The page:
The title alone forces me to suggest reading Catch-22 to broaden your horizons. If nothing else, reading it let’s readers know where the famous phrase comes from.

Friday, May 19, 2006

Will & Grace Finale

Who would’ve thought Will & Grace would offer up a better finale than the West Wing? The show took a surprising risk, and showed what happened to the characters twenty years into the future instead of wrapping up a short-range story line. While it did not offer edge-of-your-seat suspense, the finale offered a realistic view of the complex relationship between a gay man and straight woman.

Scoff if you will, but the relationship between the two main characters was always complex. The question of “where the hell is this going” was never far from the show. The answer — not too far — may have been disheartening, though it was ultimately softened by “fate” leading their children to meet, seemed realistic.

Of course, sit-com finales always seem a bit disappointing in the one element that made them thrive — humor. Will & Grace was really no different, but did an above average job of remember the laughs. But it was certainly not a laugh riot, as the necessity of story-telling to tie up loose ends took over.

The hour of behind-the-scenes clips before the show, however, provided a great reminder of how funny the show once was. I will admit I was reluctant to watch a show with a gay main character. But after missing half of the first show I watched busting a gut at Jack, I was hooked. Though it lagged a bit in the final seasons, Will & Grace was always worth it to make a point to watch.

Tuesday, May 16, 2006

West Wing Finale

I just couldn’t pass up my last chance to critique West Wing. Still disappointed the show ended this week, I was merely satisfied by its ending. After seven seasons, the finale was done straight down the middle — offering the behind-the-scenes details of the presidency fans loved, but little excitement. I give the producers credit for not making one last grab at the overly dramatic, but some drama would’ve been nice.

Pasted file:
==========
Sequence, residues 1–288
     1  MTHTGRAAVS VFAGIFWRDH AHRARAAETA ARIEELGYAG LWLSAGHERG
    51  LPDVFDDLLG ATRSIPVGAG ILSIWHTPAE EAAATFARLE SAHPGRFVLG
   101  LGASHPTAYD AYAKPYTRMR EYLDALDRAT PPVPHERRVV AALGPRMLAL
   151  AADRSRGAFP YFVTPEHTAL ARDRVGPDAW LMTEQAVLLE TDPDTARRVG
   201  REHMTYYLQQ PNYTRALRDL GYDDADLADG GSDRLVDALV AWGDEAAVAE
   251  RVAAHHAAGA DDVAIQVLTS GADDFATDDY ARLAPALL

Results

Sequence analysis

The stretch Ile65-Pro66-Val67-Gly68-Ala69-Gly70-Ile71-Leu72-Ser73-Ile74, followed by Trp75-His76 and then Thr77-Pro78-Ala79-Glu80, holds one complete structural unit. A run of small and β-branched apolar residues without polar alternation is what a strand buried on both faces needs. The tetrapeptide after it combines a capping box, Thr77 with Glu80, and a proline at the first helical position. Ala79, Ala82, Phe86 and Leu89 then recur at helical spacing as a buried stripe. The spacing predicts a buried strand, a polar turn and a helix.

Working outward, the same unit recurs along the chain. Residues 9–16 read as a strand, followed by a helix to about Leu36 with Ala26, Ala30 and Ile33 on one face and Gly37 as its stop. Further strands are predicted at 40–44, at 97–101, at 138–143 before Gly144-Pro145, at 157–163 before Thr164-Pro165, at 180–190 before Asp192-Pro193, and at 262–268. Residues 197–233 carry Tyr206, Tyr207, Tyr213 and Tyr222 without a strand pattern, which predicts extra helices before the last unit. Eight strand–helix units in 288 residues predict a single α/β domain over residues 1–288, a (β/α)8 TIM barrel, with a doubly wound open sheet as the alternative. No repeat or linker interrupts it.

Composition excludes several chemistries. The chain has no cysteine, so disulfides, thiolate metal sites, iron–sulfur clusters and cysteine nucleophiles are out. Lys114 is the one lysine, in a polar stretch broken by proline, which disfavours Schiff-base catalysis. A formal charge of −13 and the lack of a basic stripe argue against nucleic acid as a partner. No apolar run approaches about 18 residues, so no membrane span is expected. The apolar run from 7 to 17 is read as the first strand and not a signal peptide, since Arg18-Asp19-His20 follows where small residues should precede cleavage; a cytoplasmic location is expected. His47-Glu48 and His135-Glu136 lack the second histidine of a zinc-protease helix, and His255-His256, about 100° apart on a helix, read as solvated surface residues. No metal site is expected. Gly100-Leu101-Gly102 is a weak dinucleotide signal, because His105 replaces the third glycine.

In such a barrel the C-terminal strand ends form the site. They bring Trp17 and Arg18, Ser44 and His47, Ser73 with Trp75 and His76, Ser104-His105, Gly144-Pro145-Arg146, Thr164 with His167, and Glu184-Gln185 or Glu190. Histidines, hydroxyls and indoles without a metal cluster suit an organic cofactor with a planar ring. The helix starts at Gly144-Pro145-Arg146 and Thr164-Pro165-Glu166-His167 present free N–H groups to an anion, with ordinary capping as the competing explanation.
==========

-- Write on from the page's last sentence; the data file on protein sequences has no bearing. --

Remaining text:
The show basically ended when the election was decided for the Santos character, which I still think they foreshadowed all too clearly in the first episode of the season. Their depiction of the transition was decent, but knowing the show was ending the final episodes had little to care about.

Ironically, NBC’s airing of the pilot just before the finale only reminded viewers of how far the show had slipped. A fast-paced show with amazing attention to detail focused on how things truly got done in Washington got bogged down in a major transition that was ultimately unnecessary.

While the final episode tied up plenty of loose ends, I’m surprised at how many details the series let go in the last few years. The biggest unanswered question, of course, revolved around why Sam never returned to the White House. But I was more intrigued by the smaller details left unexplained. One episode suggested Margaret was pregnant, but the pregnancy just sort of disappeared. Whatever happened to Josh’s replacement in Bartlett’s administration? Bartlett’s teen-aged granddaughter mentioned in the pilot?

Ok, maybe I’m nit-picking. But, I do think the show lost itself in an effort to keep the show going past Bartlett. I think most viewers were just waiting to get the election over with. While I’d have been on board with a Santos West Wing, in retrospect fudging the calendar and keeping Bartlett around may have made more sense.

Thursday, May 11, 2006

Excitement Wanted

Ok, so I’m not the only guy whose bored with his surroundings this week. Some guy named David Blaine apparently tried to set a world record for holding his breath. Here’s the funny part — it was on ABC . . . in prime time . . . during sweeps.

It gets even funnier — people actually watched. In fact, according to Bling, some bloggers had the nerve to be angry that the network wussed out on the promise that he would succeed or “die trying.” However, no one seemed bothered that they were dumb enough to watch a show on a guy holding his breath or believe that he would die trying.

Of course, I’m guilty of watching plenty of dumb TV, too. I’m practically addicted to Deal or No Deal. I haven’t decided what’s more intriguing: watching people get weak in the knees over passing up one-hundred grand or Howie Mandel offering the fist-knock to avoid shaking hands.

It’s so bad that I actually checked out Dallas Maverick owner Mark Cuban’s blog after he was fined for ripping NBA refs, and found a post on clickfraud. Can someone please tell me why a filthy rich guy even knows about click-through programs?

Of course, in the midst of all this, NBC brings the curtain down on West Wing this weekend, giving TV viewers one less reason to watch. At least The Da Vinci Code hits theaters next week. Still the best book I ever read, I plan to make it my first review of a movie “in theaters now.”

Yeah, I know, read a book. Well, I’m trying, and my review of Catch-22 will explain why that hasn’t helped my boredom . . . if I ever get through it.